By Suzanne Goldenberg, US environment correspondent
The US Supreme Court came down solidly on the side of the agricultural giant Monsanto on Monday, ruling unanimously that an Indiana farmer could not use patented genetically modified soybeans to create new seeds without paying the company.
The case – which was cast by the farmer’s supporters as a classic tale of David vs Goliath – could well dictate the future of modern farming.
In an unanimous ruling written by Justice Elena Kagan, the court ruled that the farmer, Vernon Bowman, had infringed on Monsanto’s patent for its GM soybeans when he bought some of those seeds from a local grain elevator and planted them for a second, late-season crop. Monsanto sued, arguing that Bowman had signed a contract when he initially bought the Roundup Ready soybeans in the spring, agreeing not to save any of the harvest for replanting. The seeds are genetically modified to be resistant to Roundup Ready weedkiller.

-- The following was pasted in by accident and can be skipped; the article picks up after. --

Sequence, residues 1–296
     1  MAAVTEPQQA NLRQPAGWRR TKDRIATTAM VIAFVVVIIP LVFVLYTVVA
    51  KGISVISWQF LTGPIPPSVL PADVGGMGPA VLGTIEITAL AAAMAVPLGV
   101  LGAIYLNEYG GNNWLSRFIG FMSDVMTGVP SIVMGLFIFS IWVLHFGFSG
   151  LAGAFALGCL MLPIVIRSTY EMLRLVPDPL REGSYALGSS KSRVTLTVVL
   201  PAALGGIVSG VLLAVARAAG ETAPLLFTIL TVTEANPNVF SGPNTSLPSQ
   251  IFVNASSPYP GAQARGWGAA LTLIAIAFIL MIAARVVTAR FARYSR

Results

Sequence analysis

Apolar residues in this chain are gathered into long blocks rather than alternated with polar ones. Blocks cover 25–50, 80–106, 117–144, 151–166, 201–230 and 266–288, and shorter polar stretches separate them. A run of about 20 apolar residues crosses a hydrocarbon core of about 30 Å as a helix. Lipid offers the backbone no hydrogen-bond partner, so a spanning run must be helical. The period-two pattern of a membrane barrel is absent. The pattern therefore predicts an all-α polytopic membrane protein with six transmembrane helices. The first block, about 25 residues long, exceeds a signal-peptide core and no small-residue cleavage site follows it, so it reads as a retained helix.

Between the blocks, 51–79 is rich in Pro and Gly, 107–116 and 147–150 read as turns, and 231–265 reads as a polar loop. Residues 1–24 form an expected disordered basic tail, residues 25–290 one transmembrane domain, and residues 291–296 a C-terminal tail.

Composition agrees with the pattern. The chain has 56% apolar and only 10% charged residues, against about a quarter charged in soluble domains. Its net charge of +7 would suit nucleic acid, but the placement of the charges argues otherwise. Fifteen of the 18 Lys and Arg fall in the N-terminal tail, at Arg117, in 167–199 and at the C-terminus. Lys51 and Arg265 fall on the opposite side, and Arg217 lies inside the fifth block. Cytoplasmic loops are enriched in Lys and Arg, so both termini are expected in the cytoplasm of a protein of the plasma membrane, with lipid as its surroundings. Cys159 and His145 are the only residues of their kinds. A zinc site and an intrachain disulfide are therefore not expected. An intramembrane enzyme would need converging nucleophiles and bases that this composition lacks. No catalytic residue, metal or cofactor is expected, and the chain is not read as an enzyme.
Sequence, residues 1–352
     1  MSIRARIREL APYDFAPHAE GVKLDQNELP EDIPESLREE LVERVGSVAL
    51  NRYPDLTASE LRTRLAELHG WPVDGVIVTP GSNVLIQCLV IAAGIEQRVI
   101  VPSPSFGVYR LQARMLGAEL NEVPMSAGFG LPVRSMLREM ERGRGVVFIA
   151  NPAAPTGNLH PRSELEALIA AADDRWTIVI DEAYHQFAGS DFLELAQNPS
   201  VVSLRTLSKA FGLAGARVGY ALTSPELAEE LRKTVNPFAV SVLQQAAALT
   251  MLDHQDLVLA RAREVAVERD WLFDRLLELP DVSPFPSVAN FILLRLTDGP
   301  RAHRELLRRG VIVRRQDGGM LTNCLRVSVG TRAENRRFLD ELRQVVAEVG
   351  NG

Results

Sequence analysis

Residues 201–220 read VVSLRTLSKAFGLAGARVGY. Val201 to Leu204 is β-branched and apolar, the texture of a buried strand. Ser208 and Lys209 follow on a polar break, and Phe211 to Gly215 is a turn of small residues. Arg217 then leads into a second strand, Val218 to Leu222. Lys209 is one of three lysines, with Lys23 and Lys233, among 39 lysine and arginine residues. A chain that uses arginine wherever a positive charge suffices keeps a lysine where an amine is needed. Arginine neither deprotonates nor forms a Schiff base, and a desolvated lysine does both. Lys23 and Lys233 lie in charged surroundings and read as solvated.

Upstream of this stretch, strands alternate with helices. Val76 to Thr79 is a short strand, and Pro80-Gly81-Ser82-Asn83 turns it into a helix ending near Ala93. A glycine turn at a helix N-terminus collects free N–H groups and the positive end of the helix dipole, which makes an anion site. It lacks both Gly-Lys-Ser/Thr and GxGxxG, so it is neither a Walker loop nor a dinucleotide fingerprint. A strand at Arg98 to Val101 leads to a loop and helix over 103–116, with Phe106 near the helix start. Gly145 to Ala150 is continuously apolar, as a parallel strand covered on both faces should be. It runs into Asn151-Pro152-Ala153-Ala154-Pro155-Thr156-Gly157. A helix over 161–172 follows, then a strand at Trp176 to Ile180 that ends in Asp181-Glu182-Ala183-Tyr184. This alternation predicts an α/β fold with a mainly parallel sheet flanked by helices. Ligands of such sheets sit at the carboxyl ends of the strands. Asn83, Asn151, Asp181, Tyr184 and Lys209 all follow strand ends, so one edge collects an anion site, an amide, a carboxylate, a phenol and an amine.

On Monday, the nine justices agreed. Kagan rejected the farmer’s main argument, that Monsanto’s patent was exhausted, because he had bought the seeds from a grain elevator. “Patent exhaustion does not permit a farmer to reproduce patented seeds through planting and harvesting without the patent holder’s permission,” she wrote.
Bowman, who is in his 70s, grew up in south-western Indiana and has farmed the same stretch of land for most of the past four decades………………..
- Supreme Court rules for Monsanto in case against farmer (npr.org)
- Monsanto wins landmark patent case in Supreme Court (thedailysheeple.com)
- Monsanto wins landmark patent case in Supreme Court (rt.com)
- Goliath Beats David as Court Rules for Monsanto Over Farmer (blogs.lawyers.com)
- Supreme Court Rules on Seed Patent Case (hoosieragtoday.com)